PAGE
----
"I didn't realise how unbelievably hard it was going to be."
West emerged from Con Air hardened in the ways of Hollywood, having discovered that, when he began filming, the studio had a list of other directors ready and waiting to replace him if the executives did not like what he was shooting or if he was running late or over-budget.
"They'll give everyone a chance in Hollywood," he says, "but, if you fail, they'll chew you up and spit you out. They don't give you a second chance. The Hollywood system is so competitive. It's like a big chess game. You have to learn how to survive in the system. You have to spend about 80 per cent of your time dodging and weaving and manoeuvring and manipulating, compared with 20 per cent making films."
Now he has learned to play it so successfully, why is he walking away? "Don't get me wrong, I love working here," he says, sipping a glass of red wine in a Beverly Hills hotel during a quick trip back to put his house up for sale, squeeze in some meetings at Universal and audition actresses on his way to choosing Angelina Jolie for the Lara Croft role.
"I love the way they get everything done so quickly and that there's tons of money. But, once you're established, there's no reason to be here and I just prefer life in London. I'm a city boy and I like to be able to walk down to the newsagent in the morning to buy my newspapers."
Although Tomb Raider is the next of his projects to be filmed, West is continually fine-tuning the script for The Prisoner, which he first saw on television with his father when he was six. He watched it again in repeats as a teenager and an adult. When he was a child visiting his grandmother in mid-Wales, she would drive him in her Morris Minor to the village of Portmeirion, where it was filmed.
Just as the plots of The Prisoner were based on paranoia and subterfuge, West's plans are being avidly monitored and disseminated by Six of One, a worldwide organisation of Prisoner fans who put out news bulletins, hold conventions and worship Patrick McGoohan.
"It's pretty scary really, because they have so much inside information,"says West. "It's like something out of The Prisoner - if you look on the internet, they know every little detail about decisions we were trying to make and what an early script was like. But it's good because it gets the buzz going."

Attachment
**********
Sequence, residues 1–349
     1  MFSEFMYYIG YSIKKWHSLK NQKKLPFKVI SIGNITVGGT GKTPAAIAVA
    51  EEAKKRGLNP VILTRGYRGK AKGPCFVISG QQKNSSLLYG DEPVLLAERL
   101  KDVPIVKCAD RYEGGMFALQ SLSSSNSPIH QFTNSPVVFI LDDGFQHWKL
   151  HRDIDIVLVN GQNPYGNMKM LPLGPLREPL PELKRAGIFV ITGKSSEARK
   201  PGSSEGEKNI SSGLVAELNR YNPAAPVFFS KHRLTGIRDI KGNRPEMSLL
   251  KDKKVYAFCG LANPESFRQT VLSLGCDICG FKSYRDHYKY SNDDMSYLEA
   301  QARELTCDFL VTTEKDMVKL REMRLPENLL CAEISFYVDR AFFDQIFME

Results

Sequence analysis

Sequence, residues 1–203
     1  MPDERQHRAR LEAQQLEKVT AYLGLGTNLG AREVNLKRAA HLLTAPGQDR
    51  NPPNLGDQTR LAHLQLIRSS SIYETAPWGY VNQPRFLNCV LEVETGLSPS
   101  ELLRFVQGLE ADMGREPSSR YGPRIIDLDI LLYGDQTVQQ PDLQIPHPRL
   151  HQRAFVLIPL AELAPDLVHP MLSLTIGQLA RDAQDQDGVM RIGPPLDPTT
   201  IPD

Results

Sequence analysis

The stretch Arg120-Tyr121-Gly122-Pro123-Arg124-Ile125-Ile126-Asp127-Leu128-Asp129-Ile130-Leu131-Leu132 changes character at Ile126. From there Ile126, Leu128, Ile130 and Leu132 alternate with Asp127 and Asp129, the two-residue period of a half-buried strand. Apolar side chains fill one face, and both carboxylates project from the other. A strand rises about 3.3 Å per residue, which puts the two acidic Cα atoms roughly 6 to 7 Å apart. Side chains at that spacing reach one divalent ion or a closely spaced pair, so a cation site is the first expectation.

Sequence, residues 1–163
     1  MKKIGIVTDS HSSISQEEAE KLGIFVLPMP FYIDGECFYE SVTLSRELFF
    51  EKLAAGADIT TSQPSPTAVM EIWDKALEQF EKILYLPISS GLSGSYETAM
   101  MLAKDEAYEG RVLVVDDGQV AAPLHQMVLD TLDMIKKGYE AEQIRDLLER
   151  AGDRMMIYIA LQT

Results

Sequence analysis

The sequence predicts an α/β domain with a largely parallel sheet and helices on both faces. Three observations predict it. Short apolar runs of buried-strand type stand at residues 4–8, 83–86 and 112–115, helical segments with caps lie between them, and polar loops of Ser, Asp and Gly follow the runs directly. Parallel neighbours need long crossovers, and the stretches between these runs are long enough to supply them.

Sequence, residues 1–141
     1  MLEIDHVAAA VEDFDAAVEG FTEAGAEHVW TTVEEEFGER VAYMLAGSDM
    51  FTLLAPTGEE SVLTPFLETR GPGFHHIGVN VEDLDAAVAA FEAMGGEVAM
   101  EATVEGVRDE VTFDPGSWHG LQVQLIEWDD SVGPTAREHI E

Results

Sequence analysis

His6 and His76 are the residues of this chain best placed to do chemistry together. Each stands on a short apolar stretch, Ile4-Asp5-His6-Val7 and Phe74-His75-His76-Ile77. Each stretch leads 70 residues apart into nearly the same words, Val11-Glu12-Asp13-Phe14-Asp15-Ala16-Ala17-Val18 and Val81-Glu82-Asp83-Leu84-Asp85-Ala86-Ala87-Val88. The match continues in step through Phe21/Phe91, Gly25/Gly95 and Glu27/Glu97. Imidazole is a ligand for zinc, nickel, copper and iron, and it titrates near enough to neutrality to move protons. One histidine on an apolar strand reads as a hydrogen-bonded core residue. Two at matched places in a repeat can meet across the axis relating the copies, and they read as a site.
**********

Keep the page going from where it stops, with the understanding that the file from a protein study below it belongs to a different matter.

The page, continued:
The ever-watchful Six of One will be relieved to know that, although the action in the new version will take place in various parts of the world, West, a devoted fan himself, will take the cameras at some point to Portmeirion. "It won't be the main base, but I can't make The Prisoner and not shoot there," he said.
West becomes animated when he talks about bringing The Prisoner to the screen. "Obviously, we're not remaking the TV series because that was very episodic and they basically did the same things every week," he says. "The world has moved on since then, so people expect bigger things. It's going to be very contemporary, but it has to have the same emotional themes and paranoia as the original. There will be a lot of twists and surprises, and, for much of the time, you won't know where you are. "It's such a bizarre concept," he continues. "It's like doing a puzzle - nothing and no one is what they seem."
Several of the world's leading male actors have already expressed interest in the starring role of Number Six, says West, but he has not yet made his choice. "Lots of Hollywood actors would love it," he says, "but some of them are booked up for 18 months in advance. I'm probably going to go for the best actor, not necessarily a star."
And what about the creator and star of the original series? Now aged 71 and something of a recluse, McGoohan lives in the Pacific Palisades area of Los Angeles. At the time I spoke to West, he was hoping to get McGoohan involved but was worried that the actor might be "sick to death" of The Prisoner.
His fears were groundless. Last week news came through that McGoohan is to be joint executive producer of the film with West. Fans of the TV series can rest easy.
April 5th, 2000
Wednesday April 5 2:02 AM ET
Mendel unlocks ``The Prisoner'' for Universal
By Charles Lyons and Dave McNary
HOLLYWOOD (Variety) - In his first major assignment at Universal since moving his production shingle from Disney last September, Barry Mendel (''The Sixth Sense'') has committed to produce ``The Prisoner'' with Oscar-winning scribe Chris McQuarrie (''The Usual Suspects'') set to pen the screenplay.